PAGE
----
Sharpless had earlier noted problems with the cut off scores, typically set at the 50th percentile by state boards. “Additional empirical attention should be devoted to the cut score…” he said. “…the determination of the ‘passing’ score is one of the most important, yet difficult, psychometric tasks in testing …”
ASPPB acknowledges the exam limitations. On their webpage officials state, “There is no suggestion that people who do better on the EPPP will be better practitioners.”
The connection between test score and job performance would require predictive validity research, which ASPPB does not conduct.
Dr. Costelloe, explained “… predictive validation studies must be conducted.” For instance, “… you infer that a candidate with a high Extroversion score will make more sales than a candidate who has a high Introversion score,” Costelloe said. With a predictive study, “… you realize that your inference was not only completely wrong but backwards. Why? The sales personnel are interacting with mechanical engineers who must make the decision to switch over these new valves. They don’t want to relate. They want specific engineering facts and data and they are introverts.”
Michael Cunningham, PhD, Professor of Psychology, Africana Studies and Associate Provost at Tulane, points to potential problems with item development.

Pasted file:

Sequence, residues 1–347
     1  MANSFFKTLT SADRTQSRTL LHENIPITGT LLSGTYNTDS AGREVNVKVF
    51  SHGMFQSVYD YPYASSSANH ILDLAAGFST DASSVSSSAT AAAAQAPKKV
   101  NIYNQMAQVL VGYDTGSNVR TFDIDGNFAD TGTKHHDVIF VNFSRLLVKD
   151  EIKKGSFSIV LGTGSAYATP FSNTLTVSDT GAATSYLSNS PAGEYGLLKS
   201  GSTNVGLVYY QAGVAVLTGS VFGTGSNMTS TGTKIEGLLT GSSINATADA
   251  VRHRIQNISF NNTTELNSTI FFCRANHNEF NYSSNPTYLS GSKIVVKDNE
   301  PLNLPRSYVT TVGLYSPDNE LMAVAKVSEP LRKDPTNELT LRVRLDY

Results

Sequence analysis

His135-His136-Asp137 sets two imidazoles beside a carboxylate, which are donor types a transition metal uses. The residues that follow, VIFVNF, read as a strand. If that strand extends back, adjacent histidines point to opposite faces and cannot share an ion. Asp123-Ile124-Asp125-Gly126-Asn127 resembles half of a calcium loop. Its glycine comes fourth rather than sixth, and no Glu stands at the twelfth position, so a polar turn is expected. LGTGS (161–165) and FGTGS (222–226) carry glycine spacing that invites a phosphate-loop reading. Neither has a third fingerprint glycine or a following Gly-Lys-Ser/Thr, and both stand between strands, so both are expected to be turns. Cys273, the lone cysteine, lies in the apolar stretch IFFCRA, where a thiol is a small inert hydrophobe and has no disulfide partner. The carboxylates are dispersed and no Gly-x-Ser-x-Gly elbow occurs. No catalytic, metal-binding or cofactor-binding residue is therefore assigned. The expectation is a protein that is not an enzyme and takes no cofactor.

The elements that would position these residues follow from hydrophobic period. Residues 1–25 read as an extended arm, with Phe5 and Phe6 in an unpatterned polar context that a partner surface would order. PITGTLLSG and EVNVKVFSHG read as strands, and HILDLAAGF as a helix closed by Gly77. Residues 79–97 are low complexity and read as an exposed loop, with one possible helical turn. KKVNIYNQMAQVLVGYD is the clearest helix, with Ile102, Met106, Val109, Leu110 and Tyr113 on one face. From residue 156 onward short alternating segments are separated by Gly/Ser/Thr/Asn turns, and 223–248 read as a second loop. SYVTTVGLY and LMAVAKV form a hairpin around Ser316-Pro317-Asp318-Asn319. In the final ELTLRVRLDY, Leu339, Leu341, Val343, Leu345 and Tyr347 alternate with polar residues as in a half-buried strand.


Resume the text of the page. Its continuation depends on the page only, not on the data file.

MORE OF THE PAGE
“Like all standardized exams, people with the highest pass rates tend to very similar in racial and ethnic backgrounds as the test developers,” he said. “For many standardized tests, experts examine items for bias when there is an adverse impact of a question for males or females. In these cases, when bias still exists after an item analysis, the question is excluded. I don’t think similar considerations are done for racial/ethnic or SES backgrounds.”
ASPPB seems unconcerned with the scientific criticisms and standards. In April 2018, then SPPB CEO, Dr. Stephen DeMers, met with members of the Louisiana State Board of Examiners of Psychologists and representatives of Louisiana Psychological Association (LPA).
About the meeting, Dr. Kim VanGeffen, Chair of LPA Professional Affairs, said, “Dr. DeMers acknowledged that, currently, there is not really any research on the validity of the EPPP-2. There do not seem to be any plans to obtain predictive validity nor does the EPPP2 committee believe that establishing this type of validity is necessary,” she said.